Outsourcing one’s business functions can improve one’s competitive advantage. The reason behind this is that outsourcing reduces business costs. Consequently, the extra amount that would have been passed to the consumer in the form of higher prices for the commodity now becomes irrelevant as consumers pay less for their commodities. This allows businesses to compete on the basis of price thus giving them a competitive advantage.
Many businesses that do everything on their own may be exposed to greater levels of risk than those who outsource. Usually, the former mentioned companies may have problems trying to balance between choosing the right alternatives, training their employees in that area of interest, increasing reliability and maximizing efficiency. Consequently, by doing everything on its own, a company may have a difficult time trying to eliminate risks. Besides this, companies usually run the risk of spending too much on infrastructural capital. Consequently, this eats into their profitability and also reduces their chances of growing their firm. However, through outsourcing, companies can minimize their risks with regard to huge infrastructural expenditure and the overall result of this issue is that more investors will be attracted to such companies.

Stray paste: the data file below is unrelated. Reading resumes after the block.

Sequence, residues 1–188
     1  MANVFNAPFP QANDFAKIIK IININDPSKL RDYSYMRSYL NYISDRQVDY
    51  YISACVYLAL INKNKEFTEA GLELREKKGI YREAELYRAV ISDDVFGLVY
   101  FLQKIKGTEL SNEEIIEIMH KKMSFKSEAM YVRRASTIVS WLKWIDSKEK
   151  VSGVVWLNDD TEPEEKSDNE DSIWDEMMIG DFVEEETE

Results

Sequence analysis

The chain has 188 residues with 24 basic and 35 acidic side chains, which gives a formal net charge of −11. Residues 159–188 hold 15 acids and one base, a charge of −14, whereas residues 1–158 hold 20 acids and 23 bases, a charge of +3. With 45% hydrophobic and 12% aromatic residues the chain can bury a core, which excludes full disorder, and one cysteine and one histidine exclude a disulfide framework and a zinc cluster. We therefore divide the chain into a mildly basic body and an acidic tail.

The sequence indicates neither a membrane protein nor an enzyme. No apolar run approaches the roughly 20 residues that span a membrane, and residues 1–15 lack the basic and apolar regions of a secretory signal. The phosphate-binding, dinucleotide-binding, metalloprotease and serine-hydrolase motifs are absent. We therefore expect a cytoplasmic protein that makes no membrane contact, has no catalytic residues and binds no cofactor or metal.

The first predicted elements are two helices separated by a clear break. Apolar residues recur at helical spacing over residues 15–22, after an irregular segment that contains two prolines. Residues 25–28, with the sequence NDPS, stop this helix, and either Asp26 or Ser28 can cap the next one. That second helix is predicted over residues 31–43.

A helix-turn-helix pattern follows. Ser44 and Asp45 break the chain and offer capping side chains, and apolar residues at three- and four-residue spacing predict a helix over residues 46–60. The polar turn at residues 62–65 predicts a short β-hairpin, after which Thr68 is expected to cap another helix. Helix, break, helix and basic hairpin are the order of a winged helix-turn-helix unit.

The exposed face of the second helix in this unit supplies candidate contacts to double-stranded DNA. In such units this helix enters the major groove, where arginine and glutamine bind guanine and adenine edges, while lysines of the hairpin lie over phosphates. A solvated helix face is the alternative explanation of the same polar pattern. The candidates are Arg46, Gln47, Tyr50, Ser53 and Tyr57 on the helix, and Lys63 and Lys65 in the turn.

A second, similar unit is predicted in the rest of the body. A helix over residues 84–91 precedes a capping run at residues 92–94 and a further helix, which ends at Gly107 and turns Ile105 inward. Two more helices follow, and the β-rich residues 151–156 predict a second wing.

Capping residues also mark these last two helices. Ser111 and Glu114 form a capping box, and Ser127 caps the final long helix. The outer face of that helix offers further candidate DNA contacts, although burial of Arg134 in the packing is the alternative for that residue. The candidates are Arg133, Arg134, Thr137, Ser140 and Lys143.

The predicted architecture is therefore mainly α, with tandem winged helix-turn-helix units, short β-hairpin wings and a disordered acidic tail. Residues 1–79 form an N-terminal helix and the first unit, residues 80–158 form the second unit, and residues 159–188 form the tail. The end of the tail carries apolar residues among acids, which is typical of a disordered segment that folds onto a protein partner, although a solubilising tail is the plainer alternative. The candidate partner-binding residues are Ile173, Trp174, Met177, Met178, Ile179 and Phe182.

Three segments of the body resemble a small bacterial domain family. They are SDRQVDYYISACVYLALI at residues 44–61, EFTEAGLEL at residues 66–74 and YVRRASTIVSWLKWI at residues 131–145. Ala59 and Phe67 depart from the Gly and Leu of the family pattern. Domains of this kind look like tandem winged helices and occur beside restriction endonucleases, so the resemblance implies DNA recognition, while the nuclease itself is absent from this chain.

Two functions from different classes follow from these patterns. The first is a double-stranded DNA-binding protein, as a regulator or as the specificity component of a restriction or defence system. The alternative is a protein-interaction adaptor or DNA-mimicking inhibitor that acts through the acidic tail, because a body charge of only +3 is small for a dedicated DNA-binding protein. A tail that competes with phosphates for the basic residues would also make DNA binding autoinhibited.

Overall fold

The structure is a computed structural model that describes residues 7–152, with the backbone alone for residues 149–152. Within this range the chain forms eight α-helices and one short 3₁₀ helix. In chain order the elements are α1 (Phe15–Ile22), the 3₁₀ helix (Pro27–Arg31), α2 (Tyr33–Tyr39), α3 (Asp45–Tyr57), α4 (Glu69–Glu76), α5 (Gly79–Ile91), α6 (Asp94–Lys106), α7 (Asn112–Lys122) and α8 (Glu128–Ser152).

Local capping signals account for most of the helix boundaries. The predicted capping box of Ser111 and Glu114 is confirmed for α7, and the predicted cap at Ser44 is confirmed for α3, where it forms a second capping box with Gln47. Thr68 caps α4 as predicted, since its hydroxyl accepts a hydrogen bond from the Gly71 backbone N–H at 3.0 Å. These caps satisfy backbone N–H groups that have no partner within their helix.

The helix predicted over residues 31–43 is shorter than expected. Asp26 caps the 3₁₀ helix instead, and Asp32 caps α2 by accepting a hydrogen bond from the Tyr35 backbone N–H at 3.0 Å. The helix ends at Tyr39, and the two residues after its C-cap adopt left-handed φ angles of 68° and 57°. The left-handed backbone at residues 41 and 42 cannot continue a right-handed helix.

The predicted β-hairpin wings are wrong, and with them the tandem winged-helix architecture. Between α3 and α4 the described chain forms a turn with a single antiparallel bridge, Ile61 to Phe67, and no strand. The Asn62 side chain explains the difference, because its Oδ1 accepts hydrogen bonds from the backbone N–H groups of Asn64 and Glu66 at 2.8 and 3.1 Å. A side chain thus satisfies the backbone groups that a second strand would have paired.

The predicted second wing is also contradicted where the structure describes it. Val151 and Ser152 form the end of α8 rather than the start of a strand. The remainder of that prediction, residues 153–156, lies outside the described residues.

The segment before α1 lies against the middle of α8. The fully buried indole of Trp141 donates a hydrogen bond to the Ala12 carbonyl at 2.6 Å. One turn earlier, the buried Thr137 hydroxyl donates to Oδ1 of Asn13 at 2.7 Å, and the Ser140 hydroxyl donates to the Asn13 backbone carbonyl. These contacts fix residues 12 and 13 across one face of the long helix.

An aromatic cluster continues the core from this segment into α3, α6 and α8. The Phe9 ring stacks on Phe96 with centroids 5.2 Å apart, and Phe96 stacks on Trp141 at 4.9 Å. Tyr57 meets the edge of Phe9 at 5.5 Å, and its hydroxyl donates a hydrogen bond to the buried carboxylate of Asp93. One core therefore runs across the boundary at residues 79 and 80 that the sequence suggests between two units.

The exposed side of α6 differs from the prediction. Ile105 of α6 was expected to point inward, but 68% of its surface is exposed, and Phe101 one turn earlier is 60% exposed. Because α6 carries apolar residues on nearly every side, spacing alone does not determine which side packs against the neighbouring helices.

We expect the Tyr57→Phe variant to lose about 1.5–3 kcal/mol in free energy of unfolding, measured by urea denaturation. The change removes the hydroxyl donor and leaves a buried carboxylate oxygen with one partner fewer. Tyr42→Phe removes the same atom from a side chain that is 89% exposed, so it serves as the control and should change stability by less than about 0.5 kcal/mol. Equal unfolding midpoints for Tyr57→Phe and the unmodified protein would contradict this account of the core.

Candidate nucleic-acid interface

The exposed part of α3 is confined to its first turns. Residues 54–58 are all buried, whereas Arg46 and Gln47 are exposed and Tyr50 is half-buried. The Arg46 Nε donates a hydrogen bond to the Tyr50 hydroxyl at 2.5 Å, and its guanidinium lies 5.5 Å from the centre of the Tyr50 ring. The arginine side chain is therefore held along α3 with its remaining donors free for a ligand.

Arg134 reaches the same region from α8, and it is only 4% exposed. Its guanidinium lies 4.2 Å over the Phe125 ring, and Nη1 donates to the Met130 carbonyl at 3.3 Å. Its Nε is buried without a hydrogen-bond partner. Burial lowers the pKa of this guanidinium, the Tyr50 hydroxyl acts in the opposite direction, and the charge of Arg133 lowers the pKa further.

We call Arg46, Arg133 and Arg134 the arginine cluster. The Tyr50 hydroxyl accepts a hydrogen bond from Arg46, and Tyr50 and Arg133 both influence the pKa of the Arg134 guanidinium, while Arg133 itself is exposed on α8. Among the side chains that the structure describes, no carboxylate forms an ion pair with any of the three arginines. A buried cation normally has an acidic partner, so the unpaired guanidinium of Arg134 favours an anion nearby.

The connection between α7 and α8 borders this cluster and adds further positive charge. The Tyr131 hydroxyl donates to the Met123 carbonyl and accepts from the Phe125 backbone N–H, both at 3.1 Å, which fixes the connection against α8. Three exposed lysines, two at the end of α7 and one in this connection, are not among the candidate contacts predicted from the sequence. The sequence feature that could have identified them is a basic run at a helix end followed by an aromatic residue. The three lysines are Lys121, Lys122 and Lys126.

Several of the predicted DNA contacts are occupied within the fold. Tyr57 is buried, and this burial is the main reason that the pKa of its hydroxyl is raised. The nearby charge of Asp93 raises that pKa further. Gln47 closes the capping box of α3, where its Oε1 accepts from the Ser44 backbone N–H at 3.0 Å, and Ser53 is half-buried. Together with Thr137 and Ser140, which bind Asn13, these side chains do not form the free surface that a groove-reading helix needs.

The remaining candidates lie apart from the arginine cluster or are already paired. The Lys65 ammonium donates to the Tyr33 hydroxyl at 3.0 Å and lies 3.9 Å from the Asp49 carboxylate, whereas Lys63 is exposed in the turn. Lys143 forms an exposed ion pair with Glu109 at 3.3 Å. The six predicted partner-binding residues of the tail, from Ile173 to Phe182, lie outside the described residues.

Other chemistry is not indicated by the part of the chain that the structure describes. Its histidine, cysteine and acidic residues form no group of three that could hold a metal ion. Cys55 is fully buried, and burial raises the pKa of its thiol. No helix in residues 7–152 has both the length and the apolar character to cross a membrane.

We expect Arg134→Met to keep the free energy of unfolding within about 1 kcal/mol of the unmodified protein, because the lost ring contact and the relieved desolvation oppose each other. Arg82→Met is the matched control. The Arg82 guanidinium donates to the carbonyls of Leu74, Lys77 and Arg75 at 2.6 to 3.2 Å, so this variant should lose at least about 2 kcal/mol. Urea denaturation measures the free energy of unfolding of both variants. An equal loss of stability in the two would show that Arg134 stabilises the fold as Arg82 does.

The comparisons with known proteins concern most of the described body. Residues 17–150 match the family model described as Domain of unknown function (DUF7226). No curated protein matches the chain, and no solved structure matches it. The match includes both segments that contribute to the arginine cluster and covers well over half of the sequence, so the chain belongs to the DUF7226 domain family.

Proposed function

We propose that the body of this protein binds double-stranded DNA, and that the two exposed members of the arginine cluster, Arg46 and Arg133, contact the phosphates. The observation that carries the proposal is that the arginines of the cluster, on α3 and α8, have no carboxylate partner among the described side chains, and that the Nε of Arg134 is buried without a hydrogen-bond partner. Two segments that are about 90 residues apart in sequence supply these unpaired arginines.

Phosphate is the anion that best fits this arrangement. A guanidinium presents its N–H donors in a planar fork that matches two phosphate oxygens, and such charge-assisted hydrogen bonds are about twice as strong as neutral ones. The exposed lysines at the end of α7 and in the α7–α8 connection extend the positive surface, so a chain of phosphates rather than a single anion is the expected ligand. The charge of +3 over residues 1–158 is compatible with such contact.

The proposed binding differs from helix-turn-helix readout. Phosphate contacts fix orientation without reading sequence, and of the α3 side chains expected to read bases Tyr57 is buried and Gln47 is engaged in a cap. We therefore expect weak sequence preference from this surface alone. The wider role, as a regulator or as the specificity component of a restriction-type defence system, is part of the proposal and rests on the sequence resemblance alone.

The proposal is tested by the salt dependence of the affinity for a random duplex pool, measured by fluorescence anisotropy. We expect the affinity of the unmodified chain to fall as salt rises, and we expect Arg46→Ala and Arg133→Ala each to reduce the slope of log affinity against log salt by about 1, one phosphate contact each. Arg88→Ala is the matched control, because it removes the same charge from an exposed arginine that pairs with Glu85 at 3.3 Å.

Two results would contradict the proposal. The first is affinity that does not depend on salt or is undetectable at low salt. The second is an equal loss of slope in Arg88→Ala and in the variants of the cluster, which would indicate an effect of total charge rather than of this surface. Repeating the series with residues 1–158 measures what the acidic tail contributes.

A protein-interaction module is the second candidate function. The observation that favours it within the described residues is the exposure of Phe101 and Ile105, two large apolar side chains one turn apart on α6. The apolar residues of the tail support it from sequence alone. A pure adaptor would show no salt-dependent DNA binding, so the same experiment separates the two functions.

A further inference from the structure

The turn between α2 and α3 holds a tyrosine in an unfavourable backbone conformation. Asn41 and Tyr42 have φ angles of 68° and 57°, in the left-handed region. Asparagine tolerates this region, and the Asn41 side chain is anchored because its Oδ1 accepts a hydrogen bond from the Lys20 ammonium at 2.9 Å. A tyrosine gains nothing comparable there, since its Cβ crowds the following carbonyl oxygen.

Outsourcing is crucial to those businesses with minimal expertise in a given field. Companies that supply outsourcing services usually have a long history of performing the services offered. This means that they can add the following qualities to their respective enterprises;
· Economies of scale
It should be noted that outsourcing is the platform that allows small companies to compete with big ones because the latter mentioned qualities (bulleted list) are usually available in companies that engage in outsourcing their business functions. Companies can access these advantages easily without having to train the members of their organization in this area. Additionally, they need spend too much time and resources on hiring personnel who have a lot of experience in that field of expertise. Usually, getting such professionals to work for an organization can be detrimental to their finances.